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In re Jerald OO.

Supreme Court of New York, Third Department

December 26, 2019

In the Matter of Jerald OO. Commissioner of Mental Health, Respondent; Jerald OO., Appellant.

          Sheila Shea, Mental Hygiene Legal Service, Albany (Brent R. Stack of counsel), for appellant.

          Letitia James, Attorney General, Albany (Jonathan D. Hitsous of counsel), for respondent.

          Before: Egan Jr., J.P., Clark, Devine and Aarons, JJ.

          AARONS, J.

         Appeal, by permission, from an order of the County Court of Chemung County (Rich Jr., J.), entered May 22, 2018, which granted petitioner's application, in a proceeding pursuant to CPL 330.20, for a subsequent retention order.

         Respondent was charged by indictment with murder in the second degree and attempted murder in the second degree stemming from an incident in 2000 involving his parents. In 2002, respondent pleaded not guilty by reason of a mental disease and, since that time, he has been in the custody and care of the Office of Mental Health. Following this initial commitment, multiple orders were issued to continue his retention in a secure facility. Respondent was transferred to a nonsecure facility in 2010, following which more retention orders were issued. In 2018, petitioner commenced this proceeding for an order directing the continued retention of respondent. Following a hearing, County Court granted the application. Respondent, by permission, appeals. We affirm.

         In seeking a subsequent retention order, petitioner bore the burden of establishing by a preponderance of the evidence that "(1) respondent suffer[ed] from a mental illness, (2) in-patient services [were] essential to his well-being, and (3) his judgment [was] so impaired that he [did] not understand the need for such care and treatment" (Matter of Michael RR., 284 A.D.2d 786, 787 [2001]; see CPL 330.20 [1] [d]; [9]; Matter of David B., 97 N.Y.2d 267, 277 [2002]). When assessing whether petitioner satisfied its burden, County Court may consider a host of factors, including "recent acts of violence and the risk of harm to [respondent] or others that would be occasioned by release from confinement, ... the nature of the conduct that resulted in the initial commitment, the likelihood of relapse or a cure, history of substance or alcohol abuse, the effects of medication, the likelihood that [respondent] will discontinue medication without supervision, the length of confinement and treatment, the lapse of time since the underlying criminal acts and any other relevant factors that form a part of [respondent's] psychological profile" (Matter of David B., 97 N.Y.2d at 279; see Matter of Richard S., 6 A.D.3d 1039, 1041 [2004], appeal dismissed 3 N.Y.3d 700');">3 N.Y.3d 700 [2004]). The factual findings and credibility determinations made by the court will be afforded due deference (see Matter of Richard S., 6 A.D.3d at 1040).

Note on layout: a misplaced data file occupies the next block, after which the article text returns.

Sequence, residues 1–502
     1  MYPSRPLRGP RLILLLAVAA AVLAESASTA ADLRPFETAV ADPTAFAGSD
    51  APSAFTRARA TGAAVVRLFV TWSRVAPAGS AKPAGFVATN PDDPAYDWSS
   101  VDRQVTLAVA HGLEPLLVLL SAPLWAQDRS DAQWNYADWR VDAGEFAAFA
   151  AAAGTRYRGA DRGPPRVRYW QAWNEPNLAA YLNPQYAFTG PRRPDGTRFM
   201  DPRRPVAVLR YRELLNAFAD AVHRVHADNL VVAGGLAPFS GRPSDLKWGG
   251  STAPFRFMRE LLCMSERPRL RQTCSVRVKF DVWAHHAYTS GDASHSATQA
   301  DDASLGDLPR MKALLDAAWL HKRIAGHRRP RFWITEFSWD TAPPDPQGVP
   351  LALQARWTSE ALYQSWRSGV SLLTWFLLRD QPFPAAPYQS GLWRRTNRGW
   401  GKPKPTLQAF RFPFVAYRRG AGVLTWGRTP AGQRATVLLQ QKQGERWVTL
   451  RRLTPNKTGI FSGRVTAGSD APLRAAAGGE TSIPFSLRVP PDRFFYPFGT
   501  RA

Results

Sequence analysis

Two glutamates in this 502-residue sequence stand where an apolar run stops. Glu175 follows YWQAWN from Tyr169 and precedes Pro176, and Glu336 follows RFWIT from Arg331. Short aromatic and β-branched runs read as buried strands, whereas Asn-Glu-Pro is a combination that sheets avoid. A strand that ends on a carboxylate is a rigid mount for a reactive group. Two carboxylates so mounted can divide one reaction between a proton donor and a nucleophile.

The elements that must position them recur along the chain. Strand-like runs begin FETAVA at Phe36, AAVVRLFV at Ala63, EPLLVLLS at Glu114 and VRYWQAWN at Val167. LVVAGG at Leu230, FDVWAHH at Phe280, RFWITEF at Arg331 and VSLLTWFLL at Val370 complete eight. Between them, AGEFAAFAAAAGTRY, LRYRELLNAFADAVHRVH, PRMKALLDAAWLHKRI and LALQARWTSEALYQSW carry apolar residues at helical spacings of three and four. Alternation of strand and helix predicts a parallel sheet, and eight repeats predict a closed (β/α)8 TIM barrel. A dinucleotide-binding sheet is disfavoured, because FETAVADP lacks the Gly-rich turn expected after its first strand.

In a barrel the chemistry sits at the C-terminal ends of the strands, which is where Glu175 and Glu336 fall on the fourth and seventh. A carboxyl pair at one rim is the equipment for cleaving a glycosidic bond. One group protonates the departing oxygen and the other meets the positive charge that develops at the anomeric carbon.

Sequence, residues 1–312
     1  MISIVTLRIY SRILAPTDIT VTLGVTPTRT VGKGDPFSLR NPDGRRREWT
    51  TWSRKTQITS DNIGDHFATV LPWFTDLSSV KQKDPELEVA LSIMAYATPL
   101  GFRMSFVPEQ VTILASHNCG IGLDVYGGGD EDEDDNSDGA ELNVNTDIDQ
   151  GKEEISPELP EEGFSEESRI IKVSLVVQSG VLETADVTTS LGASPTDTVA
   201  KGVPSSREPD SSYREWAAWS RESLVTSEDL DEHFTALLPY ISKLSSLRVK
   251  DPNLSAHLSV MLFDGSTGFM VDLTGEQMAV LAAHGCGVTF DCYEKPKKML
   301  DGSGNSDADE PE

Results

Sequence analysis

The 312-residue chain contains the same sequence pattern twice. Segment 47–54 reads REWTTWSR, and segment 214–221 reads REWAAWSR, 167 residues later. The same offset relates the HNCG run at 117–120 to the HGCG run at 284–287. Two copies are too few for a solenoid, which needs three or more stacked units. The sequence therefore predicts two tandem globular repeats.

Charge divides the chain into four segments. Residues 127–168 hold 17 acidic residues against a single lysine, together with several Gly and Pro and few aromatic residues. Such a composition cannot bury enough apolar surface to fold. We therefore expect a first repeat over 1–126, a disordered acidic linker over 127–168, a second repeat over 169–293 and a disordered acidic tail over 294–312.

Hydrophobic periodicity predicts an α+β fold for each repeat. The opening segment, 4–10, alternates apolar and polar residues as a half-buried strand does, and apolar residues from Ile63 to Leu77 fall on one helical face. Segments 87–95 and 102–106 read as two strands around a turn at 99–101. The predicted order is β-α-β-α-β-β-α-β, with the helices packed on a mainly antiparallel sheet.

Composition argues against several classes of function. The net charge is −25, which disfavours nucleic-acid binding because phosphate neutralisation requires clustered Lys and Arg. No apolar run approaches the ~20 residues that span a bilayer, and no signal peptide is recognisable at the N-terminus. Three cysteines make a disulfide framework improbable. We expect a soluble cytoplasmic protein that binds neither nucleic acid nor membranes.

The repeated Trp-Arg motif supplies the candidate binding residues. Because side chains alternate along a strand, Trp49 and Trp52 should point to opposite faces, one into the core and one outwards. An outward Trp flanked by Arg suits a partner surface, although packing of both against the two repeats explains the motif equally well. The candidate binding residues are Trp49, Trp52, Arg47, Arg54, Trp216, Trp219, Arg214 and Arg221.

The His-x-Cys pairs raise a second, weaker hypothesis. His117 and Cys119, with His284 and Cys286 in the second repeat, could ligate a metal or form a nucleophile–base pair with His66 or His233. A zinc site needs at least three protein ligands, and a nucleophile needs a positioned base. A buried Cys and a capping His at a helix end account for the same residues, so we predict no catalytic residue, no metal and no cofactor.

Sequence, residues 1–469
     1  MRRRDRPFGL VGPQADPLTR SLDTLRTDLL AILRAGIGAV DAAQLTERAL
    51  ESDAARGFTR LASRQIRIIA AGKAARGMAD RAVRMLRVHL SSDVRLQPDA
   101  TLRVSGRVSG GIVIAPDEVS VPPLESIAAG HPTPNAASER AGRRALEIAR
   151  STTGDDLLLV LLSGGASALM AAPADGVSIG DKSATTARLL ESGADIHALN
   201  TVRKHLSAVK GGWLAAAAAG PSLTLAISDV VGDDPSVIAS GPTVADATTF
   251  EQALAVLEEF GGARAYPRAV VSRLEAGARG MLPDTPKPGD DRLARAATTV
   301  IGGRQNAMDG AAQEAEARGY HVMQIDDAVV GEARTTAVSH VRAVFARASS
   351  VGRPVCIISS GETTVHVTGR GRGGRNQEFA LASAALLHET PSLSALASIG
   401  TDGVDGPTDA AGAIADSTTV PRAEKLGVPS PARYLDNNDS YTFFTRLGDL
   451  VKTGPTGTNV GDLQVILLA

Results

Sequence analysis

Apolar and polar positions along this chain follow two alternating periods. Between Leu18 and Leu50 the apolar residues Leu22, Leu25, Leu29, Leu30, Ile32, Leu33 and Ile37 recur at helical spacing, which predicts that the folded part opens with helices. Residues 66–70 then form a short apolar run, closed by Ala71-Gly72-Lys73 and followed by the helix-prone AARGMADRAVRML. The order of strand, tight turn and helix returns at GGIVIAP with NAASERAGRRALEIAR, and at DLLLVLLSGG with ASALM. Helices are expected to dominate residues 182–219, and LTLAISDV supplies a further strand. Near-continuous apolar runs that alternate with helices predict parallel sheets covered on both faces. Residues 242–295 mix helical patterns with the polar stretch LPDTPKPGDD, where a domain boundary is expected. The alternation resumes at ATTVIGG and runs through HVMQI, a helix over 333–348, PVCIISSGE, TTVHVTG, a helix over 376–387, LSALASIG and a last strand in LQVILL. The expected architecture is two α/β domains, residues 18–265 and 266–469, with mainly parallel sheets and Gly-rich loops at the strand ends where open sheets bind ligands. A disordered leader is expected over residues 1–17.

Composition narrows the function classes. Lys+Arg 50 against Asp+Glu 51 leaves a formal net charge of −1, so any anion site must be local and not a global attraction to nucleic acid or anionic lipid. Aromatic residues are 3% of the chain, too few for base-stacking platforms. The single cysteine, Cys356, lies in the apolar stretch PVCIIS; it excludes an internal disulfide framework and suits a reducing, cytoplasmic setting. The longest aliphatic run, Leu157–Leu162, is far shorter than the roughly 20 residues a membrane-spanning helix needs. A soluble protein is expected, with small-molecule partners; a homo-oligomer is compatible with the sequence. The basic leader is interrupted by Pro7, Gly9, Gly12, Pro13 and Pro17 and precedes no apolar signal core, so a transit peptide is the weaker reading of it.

At the retention hearing, respondent's psychologist and psychiatrist both testified that respondent suffered from paranoid schizophrenia. The psychologist stated that, even though group sessions were essential to his care, respondent attended them only sporadically. The psychologist also recounted two instances of violence where respondent injured another patient and threatened a staff member. When asked whether respondent was making progress toward reintegration into the community, the psychologist responded, "Not really." According to the psychologist, respondent denied that he had a mental illness and lacked insight into his condition. Respondent's psychiatrist likewise testified that respondent failed to accept his mental illness and that he had questioned his diagnosis. The psychiatrist further opined that, if released, respondent would not take his medication and that, at this juncture, respondent should remain committed.

         Although respondent testified on his own behalf, he did not offer any medical proof to refute the testimony given by the psychologist or the psychiatrist — witnesses specifically credited by County Court. The court found that respondent was "regressing, not getting better" and took into account respondent's mental illness, his lack of compliance in treatment, the severity of the acts leading to his commitment and his failure to follow the recommended steps for reintegration into society. Deferring to the court's findings, we see no basis to upset its determination (see Matter of Richard S., 6 A.D.3d at 1040). Respondent's remaining assertions, to the extent not specifically discussed herein, have been examined and are without merit.

          Egan Jr., J.P., Clark and ...


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